Small town lass visits big city (I can’t say Village person, it doesn’t sound right). After more than two years, I finally get on buses and head west to the bustling metropolis which features bees on bins and is home to what is probably the worst football team in the English Premiership this season – Sadly also the team I have supported since the age of 10.
Manchester. It’s now a bus ride from sleepy Slaithwaite, to Oldham, then onwards. Why Manchester is always a culture shock I’ve no idea, but it’s rammed, noisy and cosmopolitan with music and dancing going on in Piccadilly Square, and I pass a lass with a microphone and a blaring ghetto blaster who may be either yelling song lyrics or some religious or political slogans in accompaniment, I have no idea as whatever it is is in another language.
My immediate concern of course, is coffee. I need to find a Caffe Nero as I have an app on my phone for free coffees every month which I don’t often get to use, straying rarely from the snug confines of my small Caffe Nero-less village.
The toilets here have a code and a way of turning the knob thingy to get in. Being coordinationally challenged, when I do eventually work this out it is opposite from the other side, only it isn’t and I almost lock myself in.
I stride confidentally up Oldham Road to Great Ancoats Street looking for a shop I’ve never been to. Fortunately I’m not too directionally challenged, and after being dazzled by the shop’s many expensive goodies, I come out an hour later clutching my new hiking boots.
It’s dinner time and I’m looking for a Greggs so I can grab a sandwich and a coffee and sit goodness knows where. I have a Greggs loyalty card of course, I must buy so’s I can get it stamped towards a free coffee. Greggs’s are everywhere. All towns and cities, even the smallest have one, sometimes loads. Not one can I find, maybe it’s me. My phone says there is one in the Arndale, a shopping centre which does get me bemused and befuddled every time I’m in it, which I have already been today. After a while of traipsing and thinking of giving up and nipping to Tesco Express across the road for a meal deal (takeaway packaged sandwich, crisps and a bottled drink for anyone not from the UK who isn’t familiar with this concept). I’m turning to find one of the Arndale’s several exits when I see the familiar blue and orange squares on the sign.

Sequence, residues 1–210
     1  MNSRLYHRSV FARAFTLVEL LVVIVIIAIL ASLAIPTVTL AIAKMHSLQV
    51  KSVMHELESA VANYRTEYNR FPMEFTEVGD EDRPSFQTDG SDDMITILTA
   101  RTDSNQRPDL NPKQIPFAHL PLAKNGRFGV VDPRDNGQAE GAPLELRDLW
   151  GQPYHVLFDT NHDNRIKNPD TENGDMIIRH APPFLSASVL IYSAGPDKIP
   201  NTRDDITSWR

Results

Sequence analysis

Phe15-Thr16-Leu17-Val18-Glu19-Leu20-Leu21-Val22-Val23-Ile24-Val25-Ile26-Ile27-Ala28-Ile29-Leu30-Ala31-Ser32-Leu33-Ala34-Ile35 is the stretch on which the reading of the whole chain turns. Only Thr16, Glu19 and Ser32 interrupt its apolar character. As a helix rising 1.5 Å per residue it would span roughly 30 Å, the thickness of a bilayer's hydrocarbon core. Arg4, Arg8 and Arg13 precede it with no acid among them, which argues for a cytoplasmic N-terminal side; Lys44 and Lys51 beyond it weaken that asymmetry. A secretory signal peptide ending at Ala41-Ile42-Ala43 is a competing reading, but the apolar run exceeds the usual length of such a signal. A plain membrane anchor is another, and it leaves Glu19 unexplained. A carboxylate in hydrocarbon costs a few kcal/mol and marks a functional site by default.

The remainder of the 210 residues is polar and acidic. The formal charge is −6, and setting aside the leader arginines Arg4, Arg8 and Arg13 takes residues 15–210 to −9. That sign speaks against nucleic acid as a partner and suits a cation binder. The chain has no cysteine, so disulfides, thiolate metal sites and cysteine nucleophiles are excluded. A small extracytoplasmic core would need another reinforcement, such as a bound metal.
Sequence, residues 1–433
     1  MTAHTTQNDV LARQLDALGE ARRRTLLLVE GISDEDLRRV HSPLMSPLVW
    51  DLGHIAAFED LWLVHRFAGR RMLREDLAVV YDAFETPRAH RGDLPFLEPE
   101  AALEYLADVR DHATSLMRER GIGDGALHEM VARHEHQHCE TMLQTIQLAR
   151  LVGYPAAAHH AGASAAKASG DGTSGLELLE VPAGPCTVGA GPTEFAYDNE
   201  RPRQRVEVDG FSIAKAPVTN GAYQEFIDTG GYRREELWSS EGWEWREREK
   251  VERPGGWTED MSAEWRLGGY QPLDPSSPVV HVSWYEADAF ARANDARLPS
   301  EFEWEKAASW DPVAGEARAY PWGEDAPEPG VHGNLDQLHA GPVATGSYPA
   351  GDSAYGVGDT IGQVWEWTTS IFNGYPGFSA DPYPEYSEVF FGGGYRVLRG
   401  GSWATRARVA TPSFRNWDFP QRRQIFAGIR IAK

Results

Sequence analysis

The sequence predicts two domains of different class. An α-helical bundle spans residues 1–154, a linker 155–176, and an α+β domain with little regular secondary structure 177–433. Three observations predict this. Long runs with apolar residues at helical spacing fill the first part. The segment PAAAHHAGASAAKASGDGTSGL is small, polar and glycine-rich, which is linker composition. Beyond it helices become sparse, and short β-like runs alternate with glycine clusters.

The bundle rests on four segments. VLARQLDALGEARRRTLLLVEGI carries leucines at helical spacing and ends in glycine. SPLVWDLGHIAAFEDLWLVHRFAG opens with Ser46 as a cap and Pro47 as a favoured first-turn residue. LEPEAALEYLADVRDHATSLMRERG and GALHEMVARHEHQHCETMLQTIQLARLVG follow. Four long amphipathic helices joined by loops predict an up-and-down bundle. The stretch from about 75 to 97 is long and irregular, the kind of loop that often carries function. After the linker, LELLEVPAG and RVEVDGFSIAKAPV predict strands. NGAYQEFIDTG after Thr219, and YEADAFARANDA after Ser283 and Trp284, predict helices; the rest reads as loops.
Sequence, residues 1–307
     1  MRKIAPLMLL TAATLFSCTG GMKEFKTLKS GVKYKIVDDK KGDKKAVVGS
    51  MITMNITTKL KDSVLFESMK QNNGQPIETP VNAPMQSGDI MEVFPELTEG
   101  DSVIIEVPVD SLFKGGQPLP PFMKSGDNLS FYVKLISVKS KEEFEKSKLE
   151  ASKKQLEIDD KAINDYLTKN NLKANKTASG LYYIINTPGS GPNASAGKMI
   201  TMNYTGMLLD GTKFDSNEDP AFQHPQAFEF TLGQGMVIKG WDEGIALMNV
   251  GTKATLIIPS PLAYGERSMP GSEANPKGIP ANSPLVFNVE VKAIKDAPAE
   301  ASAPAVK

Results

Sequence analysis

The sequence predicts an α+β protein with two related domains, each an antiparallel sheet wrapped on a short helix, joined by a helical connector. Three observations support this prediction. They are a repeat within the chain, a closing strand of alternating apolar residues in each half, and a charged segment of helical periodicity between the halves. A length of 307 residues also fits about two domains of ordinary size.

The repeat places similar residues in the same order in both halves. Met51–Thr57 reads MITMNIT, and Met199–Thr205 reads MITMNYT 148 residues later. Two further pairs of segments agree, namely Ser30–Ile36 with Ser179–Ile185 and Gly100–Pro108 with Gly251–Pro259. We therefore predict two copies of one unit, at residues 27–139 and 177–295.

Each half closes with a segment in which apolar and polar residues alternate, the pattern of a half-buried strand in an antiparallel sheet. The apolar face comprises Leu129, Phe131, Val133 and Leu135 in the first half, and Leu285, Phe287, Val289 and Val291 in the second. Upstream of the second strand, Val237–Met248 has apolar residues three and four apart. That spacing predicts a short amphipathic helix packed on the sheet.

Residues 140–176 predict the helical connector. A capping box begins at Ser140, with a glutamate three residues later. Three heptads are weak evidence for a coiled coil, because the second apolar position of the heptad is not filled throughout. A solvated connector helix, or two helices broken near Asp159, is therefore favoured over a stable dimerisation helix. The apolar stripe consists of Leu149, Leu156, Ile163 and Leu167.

I eat my dinner squeezed on a small ledge opposite a Co-op (small British supermarket) outside the Arndale, as this is where the exit has brought me. I eat my baguette and drink my coffee watching people pass by – a loud-shirted group of ‘Stags’, a couple of Deliveroo fast food cyclists, family groups, a chap with braided hair, chunky heels and ripped fishnets, young people wearing what are now the latest fashions which seem to be Dr Martins with high platform soles (I had two normal pairs back in the day, a purple pair with multi-coloured laces and a black pair which I painted eyes on the front of in nail varnish) fashion moves on but it also comes back around in some form or other. I was wearing ripped jeans before some of these kids were born, and swanking around in heavy eyeliner, with either copious amounts of bracelets or leg warmers on my wrists and hair backcombed and sprayed to within an inch of it’s life. Manchester is really vibrant, diverse and cutting edge, but I suppose all large cities are.
When I arrive back in sleepy Slaithwaite, it too is a riot of noise and colour as the decent weather has brought crowds outside the village pubs. There’s even a live singer playing a guitar outside one of them and a pavement full of drinkers chorussing uproariously ‘Sweeeeet Caroline…du-du-dur…’ and ‘I love you baby…’
But for me it’s quickly up the hill to my quiet cottage where the only crowds are sparrows flitting about in the guttering.